With Valentine's Day approaching, many may be pondering traditional gift-giving strategies. Maybe it's flowers, chocolates, or jewelry? But consider this: As we continue to endure the challenges of pandemic living, perhaps the greatest gift you could give to your partner (and yourself) is a good night of sleep.
As I describe in my book, “Sharing the Covers: Every Couple's Guide To Better Sleep,” prioritizing healthy sleep is not only good for your own emotional and physical health, but it's also good for your relationship. Research clearly shows that when you are well slept, you are happier, more attractive, a better communicator, and more empathic. What could be sexier or more romantic than that?
There are many small steps couples can take to improve their sleep and their relationship quality. For starters, here are some tips for optimizing the sleep environment for you and your Valentine.
Invest in a Good Mattress
Remember that we spend roughly one-third of our lives asleep, so it is worth putting a premium on the comfort of your sleeping arrangement. Spend what you can afford within your budget, but don't skimp out on this luxury, as you are going to be spending a lot of time in it. The key is that it is about comfort for you and your partner, so to the extent possible, it is best to get to try out your mattress first. Many mattress companies extend generous return policies so that you have the opportunity to test it out, and don't have to feel stuck if you change your mind. Mattresses have a shelf-life and need to be replaced every 7–10 years.
Prioritizing healthy sleep is not only good for your own emotional and physical health, but it's also good for your relationship.Share on Twitter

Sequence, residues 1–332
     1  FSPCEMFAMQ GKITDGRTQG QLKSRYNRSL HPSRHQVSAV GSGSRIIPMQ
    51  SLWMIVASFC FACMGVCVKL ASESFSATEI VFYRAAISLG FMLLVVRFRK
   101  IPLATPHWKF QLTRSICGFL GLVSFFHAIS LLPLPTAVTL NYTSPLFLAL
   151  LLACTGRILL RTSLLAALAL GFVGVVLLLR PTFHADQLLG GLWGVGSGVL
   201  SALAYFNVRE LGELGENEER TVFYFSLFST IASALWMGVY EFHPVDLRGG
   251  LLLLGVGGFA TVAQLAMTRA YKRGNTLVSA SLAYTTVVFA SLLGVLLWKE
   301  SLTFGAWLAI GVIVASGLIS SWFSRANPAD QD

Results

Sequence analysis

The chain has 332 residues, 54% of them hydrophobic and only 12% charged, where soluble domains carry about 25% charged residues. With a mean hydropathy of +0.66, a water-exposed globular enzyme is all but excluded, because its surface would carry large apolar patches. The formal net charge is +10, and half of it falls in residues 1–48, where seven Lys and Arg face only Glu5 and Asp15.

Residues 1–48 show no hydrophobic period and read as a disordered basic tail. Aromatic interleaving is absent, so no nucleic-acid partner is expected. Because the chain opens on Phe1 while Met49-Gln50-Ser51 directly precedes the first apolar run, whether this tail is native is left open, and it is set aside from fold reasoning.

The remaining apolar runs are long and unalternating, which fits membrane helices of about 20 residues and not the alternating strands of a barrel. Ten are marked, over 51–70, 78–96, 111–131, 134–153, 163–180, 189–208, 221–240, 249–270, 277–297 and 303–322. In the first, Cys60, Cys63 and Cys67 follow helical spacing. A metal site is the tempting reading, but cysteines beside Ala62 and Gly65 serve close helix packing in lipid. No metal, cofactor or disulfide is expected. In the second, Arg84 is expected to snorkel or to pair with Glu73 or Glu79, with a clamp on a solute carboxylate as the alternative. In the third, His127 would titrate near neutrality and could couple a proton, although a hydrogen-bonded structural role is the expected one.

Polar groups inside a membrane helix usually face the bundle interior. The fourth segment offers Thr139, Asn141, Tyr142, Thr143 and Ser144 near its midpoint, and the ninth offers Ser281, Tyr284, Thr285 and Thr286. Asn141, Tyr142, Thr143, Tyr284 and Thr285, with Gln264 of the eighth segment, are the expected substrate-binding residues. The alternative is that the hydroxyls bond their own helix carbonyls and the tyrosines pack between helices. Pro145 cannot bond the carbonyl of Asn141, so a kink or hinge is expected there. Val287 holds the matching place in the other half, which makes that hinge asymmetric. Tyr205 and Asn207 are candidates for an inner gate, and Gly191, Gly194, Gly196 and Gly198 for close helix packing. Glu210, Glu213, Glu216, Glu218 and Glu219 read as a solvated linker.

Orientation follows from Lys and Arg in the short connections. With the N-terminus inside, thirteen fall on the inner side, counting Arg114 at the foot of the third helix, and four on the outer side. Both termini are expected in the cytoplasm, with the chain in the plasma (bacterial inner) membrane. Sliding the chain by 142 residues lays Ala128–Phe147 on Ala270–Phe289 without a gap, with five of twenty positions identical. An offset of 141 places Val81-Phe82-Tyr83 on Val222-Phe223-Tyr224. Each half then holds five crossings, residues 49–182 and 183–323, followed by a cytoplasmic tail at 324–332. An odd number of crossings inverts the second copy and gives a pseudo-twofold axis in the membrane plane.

Make Yourself a Tidy and Inviting Nest
I am a scientist, not an interior designer, so while I am no expert in the trendiest or most stylish room decor, I can tell you that there are some science-backed basic dos and don'ts when it comes to turning your bedroom into a haven for sleep. In terms of colors, neutrals, silvers, and grays have been shown to be relaxing and can even lower your blood pressure and heart rate. Splashes of color, particularly if they make you happy or feel warm and inviting are also acceptable, but just don't make it too bright as that can be alerting. Beyond the color palette, what's even more important is what you keep in your room and what you keep out. You want your haven to be free from clutter and the distractions of the day—that includes dirty laundry scattered on the floor or your phone by your bedside. All that detritus sends the wrong signal to the brain and can increase anxiety. The bedroom should be for sleep and sex—keep it simple and inviting. And when you wake up in the morning, set yourself up for sleep that subsequent night by making your bed first thing. Each night that you return to bed should be like an invitation to your warm, inviting, and tidy haven.
Keep Your Relationship Hot, but the Bedroom Cool